Uptake of BODIPY-C12 was analyzed as a measure of short-term free fatty acid uptake using the QBTTM fatty acid uptake kit (Molecular Devices, Germany) as described in detail before (Holik et al., 2016) in fully differentiated 3T3-L1 adipocytes on day 9 after induction of differentiation. Cells were pre-treated with 10 nM–10 μM trans-pellitorine for 30 min at 37°C and 5% CO2 before the fatty acid uptake reaction was started by addition of loading dye. The uptake of BODIPY-C12 was recorded every 20 s for a total of 60 min with an emission wavelength of 515 nm and an excitation wavelength of 485 nm. The area under the curve (AUC) of the corresponding time/emission plots was used for data calculation.
Absolute quantification of miRNA expression levels was carried out using the Bio-Rad QX200 Droplet Digital PCR System as described before (Rohm et al., 2015). In brief, miRNA from undifferentiated control cells (day 0) or mature adipocytes treated with 1 μM trans-pellitorine or 0.1% ethanol (day 9) was isolated using the RNeasy Lipid Tissue Mini Kit (Qiagen, Austria) using wash buffer RWT instead of wash buffer RW1 to preserve smaller RNA pieces. Reverse transcription to cDNA was carried out using specific primers for the target miRNA (Life technologies/Thermo Fisher) in combination with the TaqMan MicroRNA Reverse Transcription Kit (Life technologies/Thermo Fisher). cDNA was mixed with droplet PCR supermix (Bio-Rad, Germany) and each sample was partitioned into 20,000 single droplets using the droplet generator before PCR was carried out using a C1000 thermocycler (Bio-Rad, Germany). Droplets were analyzed by means of a QX200 droplet reader (Bio-Rad, Germany) and absolute concentrations (copies/μL) were computed with the QuantaSoft software. The non-coding U6 snRNA was used for normalization (Chen et al., 2016) and data are calculated as fold change to undifferentiated or vehicle-control treated cells as indicated.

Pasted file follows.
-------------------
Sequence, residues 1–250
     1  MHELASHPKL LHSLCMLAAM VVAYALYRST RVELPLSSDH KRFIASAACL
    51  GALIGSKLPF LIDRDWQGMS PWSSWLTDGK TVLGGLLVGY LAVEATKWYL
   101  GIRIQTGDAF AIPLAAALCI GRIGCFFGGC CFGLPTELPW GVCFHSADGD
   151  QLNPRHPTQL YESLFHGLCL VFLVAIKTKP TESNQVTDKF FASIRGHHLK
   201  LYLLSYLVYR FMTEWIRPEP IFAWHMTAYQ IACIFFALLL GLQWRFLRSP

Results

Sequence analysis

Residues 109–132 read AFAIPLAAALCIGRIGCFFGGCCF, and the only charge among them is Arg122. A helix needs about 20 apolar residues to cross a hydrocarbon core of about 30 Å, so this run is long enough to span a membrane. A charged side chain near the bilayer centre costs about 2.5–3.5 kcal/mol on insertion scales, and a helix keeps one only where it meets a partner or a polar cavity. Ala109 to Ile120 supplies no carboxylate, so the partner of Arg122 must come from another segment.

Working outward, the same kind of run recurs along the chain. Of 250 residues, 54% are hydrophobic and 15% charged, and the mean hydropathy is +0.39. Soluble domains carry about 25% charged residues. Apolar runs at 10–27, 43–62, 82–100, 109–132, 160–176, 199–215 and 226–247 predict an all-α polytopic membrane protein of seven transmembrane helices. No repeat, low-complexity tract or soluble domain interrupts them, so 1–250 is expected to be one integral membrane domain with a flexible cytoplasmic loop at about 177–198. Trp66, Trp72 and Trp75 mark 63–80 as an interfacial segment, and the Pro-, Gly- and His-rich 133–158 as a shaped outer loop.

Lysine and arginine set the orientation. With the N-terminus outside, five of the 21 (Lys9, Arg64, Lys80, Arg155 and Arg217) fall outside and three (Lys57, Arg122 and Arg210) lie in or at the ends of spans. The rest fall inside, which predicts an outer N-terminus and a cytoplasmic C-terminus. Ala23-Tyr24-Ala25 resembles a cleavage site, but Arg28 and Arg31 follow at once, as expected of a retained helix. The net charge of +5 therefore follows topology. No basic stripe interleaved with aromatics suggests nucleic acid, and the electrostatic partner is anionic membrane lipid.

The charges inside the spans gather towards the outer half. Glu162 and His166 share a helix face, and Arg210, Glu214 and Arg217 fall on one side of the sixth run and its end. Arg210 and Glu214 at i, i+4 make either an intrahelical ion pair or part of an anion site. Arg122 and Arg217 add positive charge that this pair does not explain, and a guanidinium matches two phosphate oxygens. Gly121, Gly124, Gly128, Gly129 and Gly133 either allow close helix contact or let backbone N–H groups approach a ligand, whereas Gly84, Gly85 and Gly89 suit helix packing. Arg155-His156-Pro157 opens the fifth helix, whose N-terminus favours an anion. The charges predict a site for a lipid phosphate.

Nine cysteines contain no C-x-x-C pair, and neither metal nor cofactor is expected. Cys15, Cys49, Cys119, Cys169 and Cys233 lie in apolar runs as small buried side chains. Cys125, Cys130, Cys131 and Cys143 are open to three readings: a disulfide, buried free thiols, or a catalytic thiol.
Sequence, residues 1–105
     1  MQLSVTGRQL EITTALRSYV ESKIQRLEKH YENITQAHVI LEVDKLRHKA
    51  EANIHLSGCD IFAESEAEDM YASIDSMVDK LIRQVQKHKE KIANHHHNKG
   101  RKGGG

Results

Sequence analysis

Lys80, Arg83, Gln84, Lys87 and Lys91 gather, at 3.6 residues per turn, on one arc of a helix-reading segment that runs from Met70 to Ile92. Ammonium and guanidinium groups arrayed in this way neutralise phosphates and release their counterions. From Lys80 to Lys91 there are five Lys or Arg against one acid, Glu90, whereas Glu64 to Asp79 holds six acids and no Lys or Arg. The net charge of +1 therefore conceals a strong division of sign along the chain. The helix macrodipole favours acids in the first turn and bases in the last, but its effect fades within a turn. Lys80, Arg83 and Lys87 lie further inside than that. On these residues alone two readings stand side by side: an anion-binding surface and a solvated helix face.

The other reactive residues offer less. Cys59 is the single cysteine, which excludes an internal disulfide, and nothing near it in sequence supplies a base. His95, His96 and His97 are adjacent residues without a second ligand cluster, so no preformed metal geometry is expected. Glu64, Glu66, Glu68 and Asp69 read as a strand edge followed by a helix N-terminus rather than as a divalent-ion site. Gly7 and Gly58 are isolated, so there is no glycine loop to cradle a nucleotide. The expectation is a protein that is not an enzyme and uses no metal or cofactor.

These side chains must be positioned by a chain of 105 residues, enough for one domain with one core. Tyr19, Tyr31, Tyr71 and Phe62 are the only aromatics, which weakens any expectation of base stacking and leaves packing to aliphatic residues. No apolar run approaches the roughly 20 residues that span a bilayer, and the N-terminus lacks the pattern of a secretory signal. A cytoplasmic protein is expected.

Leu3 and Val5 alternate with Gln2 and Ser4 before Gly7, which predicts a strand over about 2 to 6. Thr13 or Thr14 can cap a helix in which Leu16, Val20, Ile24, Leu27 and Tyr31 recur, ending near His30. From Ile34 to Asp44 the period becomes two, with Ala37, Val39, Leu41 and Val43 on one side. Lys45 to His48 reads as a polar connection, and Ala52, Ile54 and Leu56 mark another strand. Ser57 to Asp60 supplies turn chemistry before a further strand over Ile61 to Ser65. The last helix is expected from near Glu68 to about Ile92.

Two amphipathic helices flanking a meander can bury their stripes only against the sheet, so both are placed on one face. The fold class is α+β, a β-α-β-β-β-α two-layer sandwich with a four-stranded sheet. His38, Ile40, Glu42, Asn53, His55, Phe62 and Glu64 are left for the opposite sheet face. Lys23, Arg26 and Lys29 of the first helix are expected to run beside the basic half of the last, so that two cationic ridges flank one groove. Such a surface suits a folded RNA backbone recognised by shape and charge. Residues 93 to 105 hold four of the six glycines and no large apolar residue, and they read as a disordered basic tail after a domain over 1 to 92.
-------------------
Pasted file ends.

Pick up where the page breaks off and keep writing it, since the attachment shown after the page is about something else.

Quantitative Real Time-Polymerase Chain Reaction
Gene expression of PPARG, FAS, LRP2, and IGF1R in pellitorine-treated 3T3-L1 adipocytes was analyzed by quantitative Real-Time PCR. RNA was isolated on day 0 (before initiation of differentiation) and day 9 after initiation of differentiation with or without treatment with 1 or 10 μM trans-pellitorine using the RNeasy Lipid tissue Mini Kit (Qiagen) according to manufacturer’s instructions. Quality and concentration of the isolated RNA was analyzed by absorbance using a NanoQuant Plate (Tecan, Austria) and an Infinite M200 Plate reader (Tecan) before the RNA was reversely transcribed to cDNA using the high capacity RNA to cDNA Kit (ABI, Thermo Fisher). Fluorescence intensities during PCR were monitored in triplicates using Fast SYBR Green Master Mix (ABI, Thermo Fisher) on a StepOnePlus device (ABI, Thermo Fisher). Nucleotide sequences, product lengths and references for the primers used in the reactions can be found in Table 1. All primers were synthesized by Sigma Aldrich, Austria. Hypothetical mRNA starting concentrations were calculated using LinReg v12.8, normalized to hypoxanthine guanine phosphoribosyl transferase (HPRT1) as endogenous control (Han et al., 2002; Diaz-Villasenor et al., 2013; Rohm et al., 2015; Holik et al., 2016) and are given as fold change to vehicle control treated cells (=1).
Determination of PPARγ and FAS Protein Levels
PPARγ and FAS protein levels were quantified using specific ELISA Kits (mouse PPARγ, mouse FASN, Cloude-Clone, Corp., United States, with a sensitivity of 0.66 ng/mL for PPARγ and 0.057 ng/mL for FAS). To obtain protein lysates for sampling, undifferentiated (day 0) or mature 3T3-L1 adipocytes (day 9, treated or untreated with 1 or 10 μM trans-pellitorine) were washed twice with ice-cold PBS and harvested in lysis buffer (50 mM Tris, 25 mM NaCl, 1 mM EDTA, 1 mM NaF, 1% of the non-denaturing detergent Igepal, pH 7.4) supplemented with 1 mM PMSF, 1 mM sodium ortho-vanadate and protease inhibitor cocktail.
The lysates were passed several times through a 20-gauge needle (Sterican, B.Braun Melsungen AG, Germany) and homogenized under gentle agitation for 30–45 min at 4°C before a high-speed centrifugation step (16,900 × g for 15 min at 4°C) was applied. The supernatant was assayed on the respective ELISA as recommended by manufacturer’s protocol. PPARγ and FAS content were normalized to the protein content of each sample, which was determined via Bradford. Data are calculated as percentage of the corresponding vehicle control.